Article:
Small Wars

This Week at War: Arms Race on the Gulf

Will it take Saudi nukes to deter Iranian nukes?

A coming Mideast arms race?

Last week, Prince Turki al-Faisal, formerly Saudi Arabia's intelligence chief and ambassador to the United States, raised blood pressure levels when he suggested that his country would consider becoming a nuclear weapons state if it found itself between a nuclear-armed Iran and Israel. Such an outcome would be a severe setback to the Obama administration's vision of working toward a world without nuclear weapons. With Iran's nuclear program proceeding apace, will more nuclear weapons, owned by either the United States or Saudi Arabia, be required to deter a future Iranian nuclear capability?

The annex of the latest International Atomic Energy Agency report on Iran discussed the program's military dimensions and was the agency's most alarming yet. International sanctions and suspected covert action (such as the Stuxnet computer worm, the assassination of a few Iranian nuclear scientists, and mysterious explosions at Iranian military sites) have slowed but not stopped Iran's progress. Absent the arrival of some heretofore missing and persuasive sanction, the United States and its partners in the region face the prospect of eventually having to deter and contain a nuclear-capable Iran.

A recent report from the American Enterprise Institute (AEI) discussed the price of deterring Iran, which the authors asserted would be more costly than many have appreciated and would require much more preparation than the United States and its partners have made thus far.

Among the difficulties is the inherently subjective nature of deterrence -- which requires persuading adversaries to not do certain things, by threatening measures that U.S. planners estimate these adversaries would not tolerate. But these calculations depend on imprecise cross-cultural estimates of costs and benefits, where there is much room for misperception and miscalculation. In addition, Iran has created a diffuse structure of governing authority. This opaque arrangement, combined with Iran's expertise with irregular warfare and covert action, gives Tehran a method for taking hostile action while avoiding the responsibility for doing so.

Prince Turki seemed to suggest that Saudi Arabia requires its own nuclear force to, at a minimum, deter a classic and existential Cold War-style nuclear ballistic missile threat to the kingdom. The acquisition of a Saudi nuclear deterrent would be highly destabilizing. Very short missile flight times within the region, combined with fragile early-warning and command-and-control systems, would create an extremely dangerous hair-trigger posture on all sides. The Saudi acquisition of a nuclear deterrent would also be a crushing blow to the prestige of the United States as a military ally and to the diminishing role President Barack Obama has sought for nuclear weapons.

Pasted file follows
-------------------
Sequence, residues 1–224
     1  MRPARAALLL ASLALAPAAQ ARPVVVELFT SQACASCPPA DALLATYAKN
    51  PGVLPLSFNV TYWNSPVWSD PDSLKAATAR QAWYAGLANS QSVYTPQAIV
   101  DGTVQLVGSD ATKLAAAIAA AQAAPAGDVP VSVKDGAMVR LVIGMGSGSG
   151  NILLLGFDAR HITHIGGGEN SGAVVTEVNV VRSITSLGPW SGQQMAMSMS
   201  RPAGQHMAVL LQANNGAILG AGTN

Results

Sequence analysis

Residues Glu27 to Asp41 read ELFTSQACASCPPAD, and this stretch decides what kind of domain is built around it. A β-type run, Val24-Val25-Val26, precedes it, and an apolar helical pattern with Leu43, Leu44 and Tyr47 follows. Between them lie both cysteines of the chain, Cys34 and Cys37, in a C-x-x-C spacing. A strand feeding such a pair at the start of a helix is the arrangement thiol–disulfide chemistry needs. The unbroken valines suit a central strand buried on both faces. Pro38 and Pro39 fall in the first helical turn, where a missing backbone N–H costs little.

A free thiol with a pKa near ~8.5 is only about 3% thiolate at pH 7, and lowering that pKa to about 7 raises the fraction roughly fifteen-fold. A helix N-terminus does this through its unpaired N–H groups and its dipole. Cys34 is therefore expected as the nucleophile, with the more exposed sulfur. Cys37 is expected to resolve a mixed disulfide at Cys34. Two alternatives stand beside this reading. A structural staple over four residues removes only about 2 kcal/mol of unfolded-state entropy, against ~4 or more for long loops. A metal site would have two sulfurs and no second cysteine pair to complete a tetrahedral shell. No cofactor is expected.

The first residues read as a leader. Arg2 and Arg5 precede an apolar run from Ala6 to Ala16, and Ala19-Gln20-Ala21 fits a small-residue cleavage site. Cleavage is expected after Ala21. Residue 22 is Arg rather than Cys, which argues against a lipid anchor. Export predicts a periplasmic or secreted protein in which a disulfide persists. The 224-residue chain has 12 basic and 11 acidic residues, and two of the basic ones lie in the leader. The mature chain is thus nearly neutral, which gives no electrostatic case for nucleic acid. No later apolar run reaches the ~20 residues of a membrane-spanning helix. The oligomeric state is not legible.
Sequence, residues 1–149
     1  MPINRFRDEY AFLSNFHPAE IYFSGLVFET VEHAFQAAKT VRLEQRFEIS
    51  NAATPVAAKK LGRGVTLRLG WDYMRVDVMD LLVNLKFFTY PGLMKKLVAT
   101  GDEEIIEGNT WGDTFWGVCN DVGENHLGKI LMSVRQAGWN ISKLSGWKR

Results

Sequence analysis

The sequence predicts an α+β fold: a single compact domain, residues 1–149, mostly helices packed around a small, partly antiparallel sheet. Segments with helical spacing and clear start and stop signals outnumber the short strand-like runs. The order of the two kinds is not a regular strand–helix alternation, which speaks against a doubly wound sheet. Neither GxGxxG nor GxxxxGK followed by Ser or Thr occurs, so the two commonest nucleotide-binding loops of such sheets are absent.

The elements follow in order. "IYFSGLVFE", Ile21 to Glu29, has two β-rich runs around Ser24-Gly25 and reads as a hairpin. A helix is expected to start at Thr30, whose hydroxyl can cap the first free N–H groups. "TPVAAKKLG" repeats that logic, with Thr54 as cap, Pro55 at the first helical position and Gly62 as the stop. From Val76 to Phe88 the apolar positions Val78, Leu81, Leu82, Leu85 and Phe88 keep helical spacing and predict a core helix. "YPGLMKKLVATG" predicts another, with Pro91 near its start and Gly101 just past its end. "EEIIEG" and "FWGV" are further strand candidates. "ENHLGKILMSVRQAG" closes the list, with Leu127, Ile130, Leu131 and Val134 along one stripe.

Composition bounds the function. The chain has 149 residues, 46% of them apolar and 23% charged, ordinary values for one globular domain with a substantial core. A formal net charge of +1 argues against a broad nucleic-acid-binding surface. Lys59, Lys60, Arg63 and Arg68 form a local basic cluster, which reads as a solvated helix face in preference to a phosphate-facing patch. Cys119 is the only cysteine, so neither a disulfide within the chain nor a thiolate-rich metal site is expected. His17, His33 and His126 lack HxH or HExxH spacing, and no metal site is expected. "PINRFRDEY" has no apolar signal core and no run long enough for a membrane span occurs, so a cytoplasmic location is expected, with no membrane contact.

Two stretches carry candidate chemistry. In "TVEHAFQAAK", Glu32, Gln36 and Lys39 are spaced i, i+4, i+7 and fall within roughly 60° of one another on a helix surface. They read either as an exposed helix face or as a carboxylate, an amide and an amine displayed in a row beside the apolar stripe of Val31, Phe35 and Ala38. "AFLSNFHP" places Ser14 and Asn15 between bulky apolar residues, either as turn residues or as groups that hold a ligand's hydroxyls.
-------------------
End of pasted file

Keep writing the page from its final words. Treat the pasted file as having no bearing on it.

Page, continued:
If, in the interests of stability, prestige, and nonproliferation, the United States wishes to dissuade Saudi Arabia from becoming a nuclear power, a U.S. security guarantee and adequate U.S. military forces in the region may be necessary. The AEI report noted that there has been little consideration of what military posture the United States might be required to maintain in the region to enforce deterrence and containment of a nuclear-capable Iran.

It would be a blow to the vision expressed in the 2010 Nuclear Posture Review (NPR) if the United States eventually found itself stationing nuclear weapons around the Persian Gulf, as it had to in Europe and the Western Pacific during the Cold War. The NPR discussed "a devastating conventional military response" as an alternative form of deterrence. But looming cuts to U.S. conventional forces and the cultural friction created when U.S. forces were previously stationed in Saudi Arabia greatly reduce the credibility of this alternative.

Prince Turki and perhaps others in the Saudi royal family apparently believe that nuclear weapons will be required to deter a future Iranian nuclear arsenal. U.S. officials have good reasons to prefer that such a nuclear deterrent not be owned and operated by Saudi Arabia. But that likely means the United States will have to substitute its own deterrent instead. That's exactly the outcome the White House hoped to avoid.


Transitions in Iraq and Afghanistan will shake up U.S. ground forces.